- The Washington Times - Sunday, June 11, 2006

ST. PETERSBURG — A Russian program to aid the world’s poorest countries is a sign of the Kremlin’s growing confidence, but some critics question the motives behind the largess.

Although Russia not long ago was a land of rationing and was kept afloat with help from the International Monetary Fund, surging demand for its oil and natural gas is creating a different situation.

This new reality was reflected at a meeting of the Group of Eight (G-8) finance ministers over the weekend, during Russia’s first chairmanship of the group.

Finance Minister Alexei Kudrin said Russia plans this year to cancel $700 million in debt owed by poor countries, while accelerating its own debt repayments to the Paris Club of creditor nations.

Of the total, $250 million will be channeled to poverty-reduction projects under an agreement with the World Bank. The projects involve combating infectious diseases, including malaria, and developing energy infrastructure.

At a press conference Friday, World Bank President Paul Wolfowitz hailed the steps by Russia as a “clear demonstration of the role that Russia started to play as an emerging donor — I would say as a new partner.”

At the weekend meeting, Russia also secured a commitment from the G-8 ministers to develop the infrastructure and legal framework of poor countries so as to ease the entry of private investors into their markets.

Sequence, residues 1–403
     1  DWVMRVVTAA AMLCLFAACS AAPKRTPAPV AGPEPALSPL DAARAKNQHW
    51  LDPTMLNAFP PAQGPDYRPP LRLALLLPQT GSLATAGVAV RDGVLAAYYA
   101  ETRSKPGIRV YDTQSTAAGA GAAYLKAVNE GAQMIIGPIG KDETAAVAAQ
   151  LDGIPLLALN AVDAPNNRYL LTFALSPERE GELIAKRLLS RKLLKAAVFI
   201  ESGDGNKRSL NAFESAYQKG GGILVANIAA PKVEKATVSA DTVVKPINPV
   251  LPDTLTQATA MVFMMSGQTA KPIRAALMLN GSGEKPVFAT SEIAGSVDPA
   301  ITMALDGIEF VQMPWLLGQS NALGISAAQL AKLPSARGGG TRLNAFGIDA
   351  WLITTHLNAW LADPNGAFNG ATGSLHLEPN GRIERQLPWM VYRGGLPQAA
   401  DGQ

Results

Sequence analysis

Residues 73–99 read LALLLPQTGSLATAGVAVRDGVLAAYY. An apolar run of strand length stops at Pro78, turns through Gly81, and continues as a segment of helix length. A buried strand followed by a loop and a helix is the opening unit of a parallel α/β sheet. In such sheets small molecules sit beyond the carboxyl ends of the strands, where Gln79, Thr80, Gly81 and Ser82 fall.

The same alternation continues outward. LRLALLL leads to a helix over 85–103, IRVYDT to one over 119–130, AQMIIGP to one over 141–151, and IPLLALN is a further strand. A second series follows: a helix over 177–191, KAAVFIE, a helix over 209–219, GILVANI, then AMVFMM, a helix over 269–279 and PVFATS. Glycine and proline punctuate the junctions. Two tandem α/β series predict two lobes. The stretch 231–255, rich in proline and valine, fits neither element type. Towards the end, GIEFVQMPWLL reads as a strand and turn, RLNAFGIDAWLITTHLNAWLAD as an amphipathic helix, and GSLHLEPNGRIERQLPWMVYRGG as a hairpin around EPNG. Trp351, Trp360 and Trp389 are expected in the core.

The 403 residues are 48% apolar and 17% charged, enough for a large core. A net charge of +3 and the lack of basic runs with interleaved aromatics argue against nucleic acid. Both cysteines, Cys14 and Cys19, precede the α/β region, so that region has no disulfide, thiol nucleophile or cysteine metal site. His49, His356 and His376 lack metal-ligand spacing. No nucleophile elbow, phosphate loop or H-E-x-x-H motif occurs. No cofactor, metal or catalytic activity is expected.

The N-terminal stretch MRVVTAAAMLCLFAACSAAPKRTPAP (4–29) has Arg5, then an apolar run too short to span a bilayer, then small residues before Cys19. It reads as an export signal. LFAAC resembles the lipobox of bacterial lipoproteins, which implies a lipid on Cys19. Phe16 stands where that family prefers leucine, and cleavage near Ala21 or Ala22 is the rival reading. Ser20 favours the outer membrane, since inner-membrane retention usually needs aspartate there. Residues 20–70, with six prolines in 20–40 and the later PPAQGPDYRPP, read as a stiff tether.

Some critics fear that this new emphasis on combating poverty is a ruse by Russia, whose role as a major energy producer is linked closely to its relations with neighbors such as Ukraine and with its stance on issues such as the Iranian nuclear crisis.

Russian press and broadcast outlets have been unenthusiastic about the government’s new interest in Third World countries, reflecting the fact that a quarter of Russians live in poverty.

Interest groups involved in poverty relief in Africa point to a series of instances in which wealthy countries have offered aid in exchange for access to energy resources, often with negative consequences.

Kirsty McNeill, a senior officer with the private group DATA — a name based on the group’s four main overlapping areas of interest: debt, AIDS, trade and Africa — pointed to China’s search for energy resources in African countries such as Sudan, which she said had helped to prop up a regime with a poor human rights record.

“Energy matters for Africa. It’s needed to store food and medicines, to make schools function. But when new donors speak about energy, it’s a double-edged sword. It would be terrible if they were speaking of a new scramble for oil,” Mrs. McNeill said.

Mr. Kudrin said Russia was seeking new clients in Africa and the Middle East for its nuclear technology, having already built nuclear power stations in India and China.


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